HUMN 7047 Transnational Crime
Credit Points 10
Legacy Code 102198
Coordinator Sharon Kwok Opens in new window
Description In 2023 this subject is replaced by HUMN 6001 Transnational Crime and Human Security Threat. In traditional criminology crimes have been understood as acts that breach the criminal code of a given nation state. By contrast, transnational crimes are defined as violations of law that embrace more than one nation in their planning, operation or impact. These crimes often have a much broader (though often veiled) relation to serious individual and collective social harm and can be especially difficult to prevent or investigate and prosecute. Students will be expected to understand the global and regional developments that foster transnational crime, its range and security impacts, and international agreements and conventions as well the new forms of policing developed to counter it.
School Social Sciences
Student Contribution Band
Check your fees via the Fees page.
Level Postgraduate Coursework Level 7 subject
Students must be enrolled in a postgraduate program.
Undergraduate degree in criminology, criminal justice or a related social science area, or equivalent.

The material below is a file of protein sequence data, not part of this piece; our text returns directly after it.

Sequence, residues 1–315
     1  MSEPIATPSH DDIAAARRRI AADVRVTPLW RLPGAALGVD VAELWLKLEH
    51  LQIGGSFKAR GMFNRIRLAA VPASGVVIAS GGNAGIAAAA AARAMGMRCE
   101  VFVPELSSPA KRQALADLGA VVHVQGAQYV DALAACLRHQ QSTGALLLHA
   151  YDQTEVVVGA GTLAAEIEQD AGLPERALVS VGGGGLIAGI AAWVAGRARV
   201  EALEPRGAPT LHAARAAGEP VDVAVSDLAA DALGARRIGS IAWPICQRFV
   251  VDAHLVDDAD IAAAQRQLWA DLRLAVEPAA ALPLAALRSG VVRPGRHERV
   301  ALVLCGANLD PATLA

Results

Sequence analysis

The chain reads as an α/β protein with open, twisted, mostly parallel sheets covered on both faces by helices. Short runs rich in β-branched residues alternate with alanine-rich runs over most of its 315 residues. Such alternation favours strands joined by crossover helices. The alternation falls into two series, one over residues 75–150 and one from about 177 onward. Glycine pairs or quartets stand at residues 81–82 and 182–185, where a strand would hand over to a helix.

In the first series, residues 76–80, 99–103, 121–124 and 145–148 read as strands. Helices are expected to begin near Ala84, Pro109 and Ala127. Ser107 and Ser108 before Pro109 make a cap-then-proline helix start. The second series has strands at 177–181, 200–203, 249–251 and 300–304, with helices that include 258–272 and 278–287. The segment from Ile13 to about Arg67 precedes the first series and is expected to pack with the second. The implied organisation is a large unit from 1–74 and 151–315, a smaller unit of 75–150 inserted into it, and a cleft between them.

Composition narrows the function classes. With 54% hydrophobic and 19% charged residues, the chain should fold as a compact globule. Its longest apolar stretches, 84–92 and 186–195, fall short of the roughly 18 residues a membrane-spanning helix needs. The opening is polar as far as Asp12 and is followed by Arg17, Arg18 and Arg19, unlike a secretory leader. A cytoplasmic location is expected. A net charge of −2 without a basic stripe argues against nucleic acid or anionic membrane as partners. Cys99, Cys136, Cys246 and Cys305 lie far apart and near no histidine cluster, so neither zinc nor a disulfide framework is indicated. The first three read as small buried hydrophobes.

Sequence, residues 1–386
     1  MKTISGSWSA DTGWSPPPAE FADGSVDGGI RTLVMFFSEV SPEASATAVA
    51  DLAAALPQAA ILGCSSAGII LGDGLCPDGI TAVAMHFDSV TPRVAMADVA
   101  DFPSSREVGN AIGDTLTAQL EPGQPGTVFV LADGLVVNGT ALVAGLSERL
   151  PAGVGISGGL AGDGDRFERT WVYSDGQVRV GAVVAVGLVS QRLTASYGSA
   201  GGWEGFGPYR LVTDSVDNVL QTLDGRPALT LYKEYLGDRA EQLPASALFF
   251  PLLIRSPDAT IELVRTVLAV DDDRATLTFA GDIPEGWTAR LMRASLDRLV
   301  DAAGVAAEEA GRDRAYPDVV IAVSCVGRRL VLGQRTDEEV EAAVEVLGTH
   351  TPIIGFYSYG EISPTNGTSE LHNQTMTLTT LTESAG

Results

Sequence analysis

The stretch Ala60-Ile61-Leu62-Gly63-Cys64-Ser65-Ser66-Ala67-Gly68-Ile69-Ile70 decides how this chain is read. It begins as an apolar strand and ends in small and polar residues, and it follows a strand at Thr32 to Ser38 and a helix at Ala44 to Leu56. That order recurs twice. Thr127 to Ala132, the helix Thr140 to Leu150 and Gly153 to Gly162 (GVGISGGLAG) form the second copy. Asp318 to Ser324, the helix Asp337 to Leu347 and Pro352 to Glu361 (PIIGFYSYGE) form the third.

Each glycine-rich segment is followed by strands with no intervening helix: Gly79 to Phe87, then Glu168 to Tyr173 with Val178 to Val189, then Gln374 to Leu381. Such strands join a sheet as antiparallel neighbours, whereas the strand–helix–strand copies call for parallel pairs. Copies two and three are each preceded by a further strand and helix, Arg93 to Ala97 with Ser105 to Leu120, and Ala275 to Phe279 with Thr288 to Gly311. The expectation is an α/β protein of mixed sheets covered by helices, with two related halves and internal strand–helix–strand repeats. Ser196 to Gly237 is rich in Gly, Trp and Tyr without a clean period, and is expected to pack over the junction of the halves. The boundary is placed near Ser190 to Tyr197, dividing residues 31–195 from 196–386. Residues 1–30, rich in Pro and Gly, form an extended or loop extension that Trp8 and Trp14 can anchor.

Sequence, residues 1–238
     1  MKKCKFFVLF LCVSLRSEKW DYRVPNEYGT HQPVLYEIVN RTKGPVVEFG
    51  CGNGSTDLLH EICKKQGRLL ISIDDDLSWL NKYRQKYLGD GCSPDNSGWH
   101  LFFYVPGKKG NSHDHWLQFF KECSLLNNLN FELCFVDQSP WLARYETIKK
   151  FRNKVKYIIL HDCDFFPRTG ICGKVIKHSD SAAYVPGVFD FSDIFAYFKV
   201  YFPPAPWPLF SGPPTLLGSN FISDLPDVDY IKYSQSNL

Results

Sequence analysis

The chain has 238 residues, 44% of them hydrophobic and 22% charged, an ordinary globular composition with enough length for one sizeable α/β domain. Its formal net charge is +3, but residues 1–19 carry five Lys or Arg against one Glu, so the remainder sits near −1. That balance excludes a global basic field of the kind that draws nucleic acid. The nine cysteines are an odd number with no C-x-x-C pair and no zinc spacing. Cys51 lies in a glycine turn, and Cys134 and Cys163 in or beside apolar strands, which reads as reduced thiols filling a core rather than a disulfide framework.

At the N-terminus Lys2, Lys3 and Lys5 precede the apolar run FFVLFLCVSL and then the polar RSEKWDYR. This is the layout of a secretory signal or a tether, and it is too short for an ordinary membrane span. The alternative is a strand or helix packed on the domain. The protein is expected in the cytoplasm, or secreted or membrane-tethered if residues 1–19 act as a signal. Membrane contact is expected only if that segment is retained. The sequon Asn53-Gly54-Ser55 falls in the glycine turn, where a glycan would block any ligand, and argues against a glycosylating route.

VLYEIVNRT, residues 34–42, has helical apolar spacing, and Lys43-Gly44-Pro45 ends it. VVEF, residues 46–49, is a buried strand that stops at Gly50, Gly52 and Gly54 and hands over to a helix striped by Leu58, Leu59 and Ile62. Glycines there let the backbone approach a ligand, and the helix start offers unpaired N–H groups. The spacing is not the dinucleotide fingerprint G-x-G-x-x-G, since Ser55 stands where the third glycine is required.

On successful completion of this subject, students should be able to:
- Describe evidence about the full range of transnational forms of crime;
- Critically describe, distinguish between and assess rival theoretical explanations of transnational crime;
- Explain criminal justice policy and policing implications of these new forms of crime.
1. Introduction to organised crime and transnational crime
2. Economics of transnational crime
3. Borderless criminal organisation
4. Transnational Crime - Drug Trafficking
5. Transnational Crime - Human trafficking and smuggling
6. Cyber crime and virtual border
7. Wildlife trafficking
8. Policing the globe
The following table summarises the standard assessment tasks for this subject. Please note this is a guide only. Assessment tasks are regularly updated, where there is a difference your Learning Guide takes precedence.
|Literature Review||1,500 Words||30||N||Individual|